So the data used here is significant and this is delivered in a different manner than the previous ones, but simply using their website - that is of course mobile friendly.
They came back with a strong response to my little knee pain test and although I am not sure they were right, they came to a diagnoses and pushed me to a doctor/physio.
There is no claim to integrate this with any care service, but it does provide a useful symptom checker service that is easy enough to access if you are online.
With strong, post diagnosis feedback, you can see they are learning and teaching their bot from some additional data that is not just based on their original data set, as they asked whether I thought this was a correct answer or if I felt it was off the mark.
This is a slightly different approach to some with the emphasis on goals not just symptoms. They did however, do some symptom checking when asked, she came back with some strong diagnosis, but letting me make the choices rather than a real diagnoses.
The stronger areas for Florence are medication reminders and overall health tracking, but of course you need to engage with that over a period to see how successful that would be for a user.
They have been around since 2016 and there are plenty of articles that mention ‘her’ in dispatches. Based in Germany, these guys were Beta testing in May 2017 and from MIT information 2,000 people a day were using her, so there is some traction with this one.
Her creator David Hawig, mentioned that she would need consistent training to optimise the functionality and you can see that in action in the style of the responses.
Florence is a health assistant rather than a triage nurse and that is an important difference in definition about where they are taking this technology. The nature of this technology is to be always available, well if that becomes your health coach, then we are in the realms of prevention rather than cure.
I feel the important step for the like of Florence is the integration into IOT data from wearables and the like. This would become a preventative critical friend that is looking after your wellbeing, maybe.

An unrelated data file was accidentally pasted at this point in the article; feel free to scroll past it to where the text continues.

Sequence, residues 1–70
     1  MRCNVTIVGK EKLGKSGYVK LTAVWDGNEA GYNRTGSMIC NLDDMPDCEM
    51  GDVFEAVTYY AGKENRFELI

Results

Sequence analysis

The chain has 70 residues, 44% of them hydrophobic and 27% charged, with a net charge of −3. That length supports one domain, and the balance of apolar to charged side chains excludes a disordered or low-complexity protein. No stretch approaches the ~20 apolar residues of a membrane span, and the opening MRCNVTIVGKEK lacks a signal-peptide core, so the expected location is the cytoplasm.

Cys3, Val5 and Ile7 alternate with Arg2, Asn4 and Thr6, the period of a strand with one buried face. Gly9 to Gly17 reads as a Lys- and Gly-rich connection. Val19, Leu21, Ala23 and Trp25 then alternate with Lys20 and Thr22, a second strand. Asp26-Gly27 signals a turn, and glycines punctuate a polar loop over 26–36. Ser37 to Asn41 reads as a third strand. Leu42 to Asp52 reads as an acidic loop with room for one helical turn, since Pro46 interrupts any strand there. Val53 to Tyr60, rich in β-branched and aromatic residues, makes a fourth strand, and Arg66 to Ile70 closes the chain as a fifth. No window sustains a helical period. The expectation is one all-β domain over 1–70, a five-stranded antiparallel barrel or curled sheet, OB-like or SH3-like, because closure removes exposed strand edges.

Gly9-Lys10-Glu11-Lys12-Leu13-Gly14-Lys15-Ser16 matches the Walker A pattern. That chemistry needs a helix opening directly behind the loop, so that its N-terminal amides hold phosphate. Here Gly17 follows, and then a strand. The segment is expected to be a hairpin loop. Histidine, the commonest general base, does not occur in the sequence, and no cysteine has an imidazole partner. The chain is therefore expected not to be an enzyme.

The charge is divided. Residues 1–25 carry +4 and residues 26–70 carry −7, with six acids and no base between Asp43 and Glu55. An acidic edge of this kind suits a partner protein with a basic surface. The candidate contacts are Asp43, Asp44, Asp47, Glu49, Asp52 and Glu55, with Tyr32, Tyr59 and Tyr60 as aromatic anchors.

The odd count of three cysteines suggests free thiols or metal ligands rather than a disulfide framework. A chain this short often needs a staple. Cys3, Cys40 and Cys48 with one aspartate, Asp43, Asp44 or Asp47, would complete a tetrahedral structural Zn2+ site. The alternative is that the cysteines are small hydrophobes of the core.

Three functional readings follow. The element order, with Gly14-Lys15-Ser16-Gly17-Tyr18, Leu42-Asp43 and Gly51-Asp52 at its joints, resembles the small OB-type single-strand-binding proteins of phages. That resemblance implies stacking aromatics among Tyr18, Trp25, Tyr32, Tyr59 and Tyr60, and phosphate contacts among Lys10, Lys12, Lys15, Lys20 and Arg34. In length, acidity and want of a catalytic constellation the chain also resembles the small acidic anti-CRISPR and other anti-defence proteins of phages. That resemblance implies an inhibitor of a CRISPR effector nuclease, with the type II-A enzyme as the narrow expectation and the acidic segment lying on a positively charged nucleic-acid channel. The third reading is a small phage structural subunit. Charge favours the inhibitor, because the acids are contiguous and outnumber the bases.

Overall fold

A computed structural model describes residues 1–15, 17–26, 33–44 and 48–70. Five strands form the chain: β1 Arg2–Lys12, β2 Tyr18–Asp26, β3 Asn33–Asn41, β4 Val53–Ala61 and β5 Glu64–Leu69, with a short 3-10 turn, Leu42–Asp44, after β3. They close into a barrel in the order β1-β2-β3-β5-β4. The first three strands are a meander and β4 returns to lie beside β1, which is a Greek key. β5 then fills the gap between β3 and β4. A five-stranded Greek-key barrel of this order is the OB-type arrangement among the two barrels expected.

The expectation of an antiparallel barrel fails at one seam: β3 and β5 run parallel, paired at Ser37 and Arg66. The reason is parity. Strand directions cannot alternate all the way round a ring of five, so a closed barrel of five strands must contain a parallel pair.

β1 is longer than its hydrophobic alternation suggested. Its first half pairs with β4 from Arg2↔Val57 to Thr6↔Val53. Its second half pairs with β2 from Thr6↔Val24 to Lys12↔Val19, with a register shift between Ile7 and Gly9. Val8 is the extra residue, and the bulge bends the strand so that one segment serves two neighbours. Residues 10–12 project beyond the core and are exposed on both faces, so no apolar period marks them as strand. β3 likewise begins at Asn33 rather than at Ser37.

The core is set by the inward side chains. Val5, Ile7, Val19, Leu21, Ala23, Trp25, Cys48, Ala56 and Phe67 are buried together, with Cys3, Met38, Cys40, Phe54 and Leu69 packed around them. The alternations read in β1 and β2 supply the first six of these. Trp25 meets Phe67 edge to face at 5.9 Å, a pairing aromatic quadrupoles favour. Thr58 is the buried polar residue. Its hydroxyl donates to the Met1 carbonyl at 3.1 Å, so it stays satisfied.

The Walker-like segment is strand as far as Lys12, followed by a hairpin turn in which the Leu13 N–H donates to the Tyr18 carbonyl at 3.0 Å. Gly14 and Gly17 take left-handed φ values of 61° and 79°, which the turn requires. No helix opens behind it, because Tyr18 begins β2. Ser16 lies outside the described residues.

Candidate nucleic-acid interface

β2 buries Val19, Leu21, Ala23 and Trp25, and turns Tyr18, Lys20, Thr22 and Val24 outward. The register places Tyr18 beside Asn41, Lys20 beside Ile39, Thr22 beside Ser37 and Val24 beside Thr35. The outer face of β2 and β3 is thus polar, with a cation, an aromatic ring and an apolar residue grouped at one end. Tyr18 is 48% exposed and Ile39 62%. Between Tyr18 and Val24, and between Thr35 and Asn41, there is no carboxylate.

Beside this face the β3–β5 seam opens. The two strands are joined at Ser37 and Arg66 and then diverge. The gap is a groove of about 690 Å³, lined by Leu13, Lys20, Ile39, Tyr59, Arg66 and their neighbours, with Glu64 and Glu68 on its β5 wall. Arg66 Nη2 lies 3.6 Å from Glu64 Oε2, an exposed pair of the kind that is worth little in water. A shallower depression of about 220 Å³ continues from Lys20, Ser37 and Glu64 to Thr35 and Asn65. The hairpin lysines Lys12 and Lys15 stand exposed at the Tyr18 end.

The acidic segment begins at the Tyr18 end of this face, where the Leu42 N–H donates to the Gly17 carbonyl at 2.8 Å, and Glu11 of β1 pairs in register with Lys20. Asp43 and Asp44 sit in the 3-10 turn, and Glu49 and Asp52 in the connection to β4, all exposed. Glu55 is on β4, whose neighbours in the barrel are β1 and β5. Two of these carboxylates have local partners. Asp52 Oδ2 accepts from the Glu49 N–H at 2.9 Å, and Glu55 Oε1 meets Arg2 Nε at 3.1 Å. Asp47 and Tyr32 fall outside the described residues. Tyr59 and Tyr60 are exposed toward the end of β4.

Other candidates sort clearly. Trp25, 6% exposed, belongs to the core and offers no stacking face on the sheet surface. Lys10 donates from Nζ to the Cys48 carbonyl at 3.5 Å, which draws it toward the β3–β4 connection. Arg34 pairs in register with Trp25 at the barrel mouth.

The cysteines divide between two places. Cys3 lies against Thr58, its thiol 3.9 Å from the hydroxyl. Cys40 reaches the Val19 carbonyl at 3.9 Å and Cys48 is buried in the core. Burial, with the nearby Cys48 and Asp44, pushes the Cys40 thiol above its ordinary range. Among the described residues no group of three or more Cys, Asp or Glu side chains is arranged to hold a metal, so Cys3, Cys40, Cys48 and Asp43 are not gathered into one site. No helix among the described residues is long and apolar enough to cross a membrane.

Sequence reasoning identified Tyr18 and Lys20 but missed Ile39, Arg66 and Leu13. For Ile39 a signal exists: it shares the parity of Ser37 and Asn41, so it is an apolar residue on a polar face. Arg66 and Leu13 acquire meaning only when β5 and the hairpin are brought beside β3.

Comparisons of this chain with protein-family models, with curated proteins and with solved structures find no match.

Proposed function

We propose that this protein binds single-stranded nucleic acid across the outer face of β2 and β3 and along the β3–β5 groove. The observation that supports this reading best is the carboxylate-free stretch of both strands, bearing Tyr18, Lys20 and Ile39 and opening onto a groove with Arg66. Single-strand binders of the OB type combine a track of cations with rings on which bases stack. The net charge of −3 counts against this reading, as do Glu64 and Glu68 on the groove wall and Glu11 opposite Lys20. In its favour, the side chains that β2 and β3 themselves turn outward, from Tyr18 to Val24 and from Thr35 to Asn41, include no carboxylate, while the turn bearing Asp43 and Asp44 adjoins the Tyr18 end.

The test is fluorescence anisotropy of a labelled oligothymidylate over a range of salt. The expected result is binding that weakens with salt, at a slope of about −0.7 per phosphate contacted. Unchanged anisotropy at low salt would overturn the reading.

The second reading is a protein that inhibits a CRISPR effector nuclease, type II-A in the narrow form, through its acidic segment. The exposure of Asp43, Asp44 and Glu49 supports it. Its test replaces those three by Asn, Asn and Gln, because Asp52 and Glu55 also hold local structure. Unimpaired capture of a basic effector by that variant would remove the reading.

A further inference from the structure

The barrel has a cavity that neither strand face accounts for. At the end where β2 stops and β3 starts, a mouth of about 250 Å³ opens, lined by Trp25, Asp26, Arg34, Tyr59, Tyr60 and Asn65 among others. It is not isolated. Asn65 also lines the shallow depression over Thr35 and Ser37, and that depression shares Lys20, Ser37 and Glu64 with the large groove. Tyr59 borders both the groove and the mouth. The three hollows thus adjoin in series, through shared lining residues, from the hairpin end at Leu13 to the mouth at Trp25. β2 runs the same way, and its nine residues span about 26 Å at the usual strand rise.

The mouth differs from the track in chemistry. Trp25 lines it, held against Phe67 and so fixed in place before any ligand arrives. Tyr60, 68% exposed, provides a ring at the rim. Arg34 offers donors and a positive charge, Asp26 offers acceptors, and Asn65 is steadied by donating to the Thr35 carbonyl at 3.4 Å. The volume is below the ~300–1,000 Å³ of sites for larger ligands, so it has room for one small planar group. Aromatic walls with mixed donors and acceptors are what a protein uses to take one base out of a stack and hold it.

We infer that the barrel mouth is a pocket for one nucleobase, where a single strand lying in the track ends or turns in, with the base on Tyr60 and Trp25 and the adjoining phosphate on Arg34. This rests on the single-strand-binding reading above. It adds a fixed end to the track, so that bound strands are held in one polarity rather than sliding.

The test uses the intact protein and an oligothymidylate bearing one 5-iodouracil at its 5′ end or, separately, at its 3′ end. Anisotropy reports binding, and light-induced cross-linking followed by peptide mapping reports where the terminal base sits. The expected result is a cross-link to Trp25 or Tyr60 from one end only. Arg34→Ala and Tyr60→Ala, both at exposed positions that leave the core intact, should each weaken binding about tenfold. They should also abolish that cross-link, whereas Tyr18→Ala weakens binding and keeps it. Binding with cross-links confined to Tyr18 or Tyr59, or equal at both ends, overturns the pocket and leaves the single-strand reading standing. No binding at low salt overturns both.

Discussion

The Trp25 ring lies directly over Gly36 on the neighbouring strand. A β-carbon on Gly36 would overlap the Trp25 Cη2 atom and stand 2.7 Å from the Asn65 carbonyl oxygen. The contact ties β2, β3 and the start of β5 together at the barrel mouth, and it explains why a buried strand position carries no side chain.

Baidu have been looking at the healthy sector for some time and launched Melody in 2015. She allows users to contact local doctors and book appointments and ask questions, so it is acting much as the other diagnosis engines that we have seen.
She is only available via an app in China but the technology is aimed at assisting the healthcare industry globally according to Andrew Ng, one of the main stakeholders in the project. Famous for his courses via Stanford University, Dr Ng says that the Baidu bot interacts with millions of Chinese users, giving his technical team a mountain of data to refine and understand the conversation.
This bot is clearly a significant player in this market and of course with the backing of Baidu, they are creating a bot that is equivalent to Google Assistant or Alexa but for healthcare. Powerful stuff.
The problem comes when you have all this AI project running, but with only half the story.
In the UK, we have the NHS that is our free at point of use healthcare service, not matter where we are in the UK or currently EU. Now that would suggest that a single citizen would have single digital record that any hospital in the UK could update. So if you happened to stub your toe in Glasgow or bang your head in London, you would naively expect that your record would reflect this!
This is sadly no where close, and in fact it is massively wide of the mark. In a recent openEHR conference held in Plymouth in the UK, they were discussing the task to solve this issue. Tomaz Gornik the CEO of Marand one of the OpenEHR vendors, reported that some UK hospitals can have IRO 1200 different specific software solutions. These solutions hold their data independently from the main hospital management system, so they cannot update any central record. As well as this the tragedy is that a hospital can holds its data separately from it’s next door neighbour. Madness in this supposedly central service!
So why is this important, well if you have a significant AI that is going to help a patient, exactly what are you going to integrate into to store an outcome or diagnoses or even the symptoms? It just is not possible.
The US have an even bigger problem, in that each hospital is a business that will look at a patient record as its own IP and its own data real estate.
OpenEHR is where this starts to clear the way for healthcare to start owning its data. University Hospitals Plymouth NHS Trust are one of the largest single trusts in the UK and Andy Blofield, Director of IM&T (CIO) is championing the plan to move to this open data standards for all their patient records. He stated at one of the workshops from the recent conference that he has put all their vendors on notice, that they will be required to integrate directly and leave data with the hospital trust in an OpenEHR format.
This means that the trust is never held to ransom for a patient record and the patient has been care across services, win win.
So for the commercial and clinician sector, this actually opens up the possibility for disruptive approaches in to integrate a specialised service or application and be part of the overall story for a patient. Does this mean the vendor space would change for the NHS?
So the future is bright for these AI doctors, but only if it can talk to your record and give you the best diagnoses with the other half of your story. It is possible, we now just need to get beyond the politics.